Establish and maintain the project’s quality and process performance objectives.
When establishing the project’s quality and process performance objectives, think about the processes that will be included in the project’s defined process and what the historical data indicate regarding their process performance. These considerations, along with others such as technical capability, will help in establishing realistic objectives for the project.
The project’s objectives for quality and process performance are established and negotiated at an appropriate level of detail (e.g., for individual product components, subprocesses, project teams) to permit an overall evaluation of the objectives and risks at the project level. As the project progresses, project objectives can be updated as the project’s actual performance becomes known and more predictable, and to reflect changing needs and priorities of relevant stakeholders.
Typical Work Products
- The project’s quality and process performance objectives
- Assessment of the risk of not achieving the project’s objectives
1. Review the organization's objectives for quality and process performance.
This review ensures that project members understand the broader business context in which the project operates. The project’s objectives for quality and process performance are developed in the context of these overarching organizational objectives.
2. Identify the quality and process performance needs and priorities of the customer, suppliers, end users, and other relevant stakeholders.
Typically, the identification of relevant stakeholders’ needs will begin early (e.g., during development of the statement of work). Needs are further elicited, analyzed, refined, prioritized, and balanced during requirements development.
3. Define and document measurable quality and process performance objectives for the project.
Defining and documenting objectives for the project involve the following:
- Incorporating appropriate organizational quality and process performance objectives
- Writing objectives that reflect the quality and process performance needs and priorities of the customer, end users, and other relevant stakeholders
- Determining how each objective will be achieved
- Reviewing the objectives to ensure they are sufficiently specific, measurable, attainable, relevant, and time-bound
- Mean time between failures
- Number and severity of defects in the released product
- Critical resource utilization
- Number and severity of customer complaints concerning the provided service
- Cycle time
- Percentage of rework time
- Percentage of defects removed by product verification activities (perhaps by type of verification, such as peer reviews and testing)
- Defect escape rates
- Number and severity of defects found (or incidents reported) in first year following product delivery (or start of service)
- Maintain change request backlog size below a target value.
- Improve velocity in an Agile environment to a target value by a target date.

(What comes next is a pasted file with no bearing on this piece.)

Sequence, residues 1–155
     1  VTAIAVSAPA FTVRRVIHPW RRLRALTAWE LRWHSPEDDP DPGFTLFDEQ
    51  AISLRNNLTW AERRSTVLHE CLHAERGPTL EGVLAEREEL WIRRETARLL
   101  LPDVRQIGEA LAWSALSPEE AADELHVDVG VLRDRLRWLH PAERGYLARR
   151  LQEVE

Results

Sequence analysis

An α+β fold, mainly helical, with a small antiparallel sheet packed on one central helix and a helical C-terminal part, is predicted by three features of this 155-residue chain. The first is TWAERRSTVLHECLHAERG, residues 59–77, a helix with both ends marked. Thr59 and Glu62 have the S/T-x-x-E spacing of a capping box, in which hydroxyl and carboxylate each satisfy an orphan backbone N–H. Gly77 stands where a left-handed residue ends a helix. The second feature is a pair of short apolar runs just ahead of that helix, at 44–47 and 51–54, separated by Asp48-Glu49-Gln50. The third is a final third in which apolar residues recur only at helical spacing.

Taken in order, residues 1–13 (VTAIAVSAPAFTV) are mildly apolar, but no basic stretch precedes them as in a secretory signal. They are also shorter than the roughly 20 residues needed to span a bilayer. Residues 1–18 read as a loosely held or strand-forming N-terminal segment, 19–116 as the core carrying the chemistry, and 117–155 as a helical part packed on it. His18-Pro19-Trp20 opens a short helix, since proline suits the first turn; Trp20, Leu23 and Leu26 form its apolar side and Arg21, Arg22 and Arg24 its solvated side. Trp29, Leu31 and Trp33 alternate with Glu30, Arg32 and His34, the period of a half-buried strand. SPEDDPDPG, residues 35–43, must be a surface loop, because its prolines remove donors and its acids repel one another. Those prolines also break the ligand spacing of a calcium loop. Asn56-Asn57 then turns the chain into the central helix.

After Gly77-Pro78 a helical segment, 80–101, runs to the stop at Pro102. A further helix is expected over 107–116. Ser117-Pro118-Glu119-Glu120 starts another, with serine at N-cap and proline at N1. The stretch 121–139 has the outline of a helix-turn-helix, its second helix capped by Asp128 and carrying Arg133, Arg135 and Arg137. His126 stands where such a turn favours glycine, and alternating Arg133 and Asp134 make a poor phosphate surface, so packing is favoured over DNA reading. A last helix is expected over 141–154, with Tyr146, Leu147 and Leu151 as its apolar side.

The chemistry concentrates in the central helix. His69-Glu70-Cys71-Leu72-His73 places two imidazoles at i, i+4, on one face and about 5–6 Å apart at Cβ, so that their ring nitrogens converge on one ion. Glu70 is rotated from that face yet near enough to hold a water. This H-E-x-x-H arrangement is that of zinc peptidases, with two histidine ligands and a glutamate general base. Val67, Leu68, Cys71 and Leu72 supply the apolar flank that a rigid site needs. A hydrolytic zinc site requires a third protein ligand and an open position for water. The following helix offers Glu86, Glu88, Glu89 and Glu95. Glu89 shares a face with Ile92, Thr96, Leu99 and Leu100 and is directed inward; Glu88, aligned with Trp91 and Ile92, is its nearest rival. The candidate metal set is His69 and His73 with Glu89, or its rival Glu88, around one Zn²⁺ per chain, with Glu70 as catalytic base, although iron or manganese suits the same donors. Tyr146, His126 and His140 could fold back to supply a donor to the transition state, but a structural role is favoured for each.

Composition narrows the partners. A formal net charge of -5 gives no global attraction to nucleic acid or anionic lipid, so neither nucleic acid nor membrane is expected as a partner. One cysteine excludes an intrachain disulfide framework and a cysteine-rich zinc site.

- Reduce idle time by x% by a target date.
- Maintain schedule slippage below a specified percent.
- Reduce the total lifecycle cost by a specified percent by a target date.
- Reduce defects in products delivered to the customer by 10% without affecting cost.
4. Derive interim objectives to monitor progress toward achieving the project’s objectives.
Interim objectives can be established for attributes of selected lifecycle phases, milestones, work products, and subprocesses.
Since process performance models characterize relationships among product and process attributes, these models can be used to help derive interim objectives that guide the project toward achieving its objectives.
5. Determine the risk of not achieving the project’s quality and process performance objectives.
The risk is a function of the established objectives, the product architecture, the project’s defined process, availability of needed knowledge and skills, etc. Process performance baselines and models can be used to evaluate the likelihood of achieving a set of objectives and provide guidance in negotiating objectives and commitments. The assessment of risk can involve various project stakeholders and can be conducted as part of the conflict resolution described in the next subpractice.
6. Resolve conflicts among the project’s quality and process performance objectives (e.g., if one objective cannot be achieved without compromising another).
Process performance models can help to identify conflicts and help to ensure that the resolution of conflicts does not introduce new conflicts or risks. Resolving conflicts involves the following activities:
- Setting relative priorities for objectives
- Considering alternative objectives in light of long-term business strategies as well as short-term needs
- Involving the customer, end users, senior management, project management, and other relevant stakeholders in tradeoff decisions
- Revising objectives as necessary to reflect results of conflict resolution
7. Establish traceability to the project’s quality and process performance objectives from their sources.
- The organization’s quality and process performance objectives
- The customer’s quality and process performance objectives
- Business objectives
- Discussions with customers and potential customers
- Market surveys
- Product Architecture
8. Define and negotiate quality and process performance objectives for suppliers.
9. Revise the project’s quality and process performance objectives as necessary.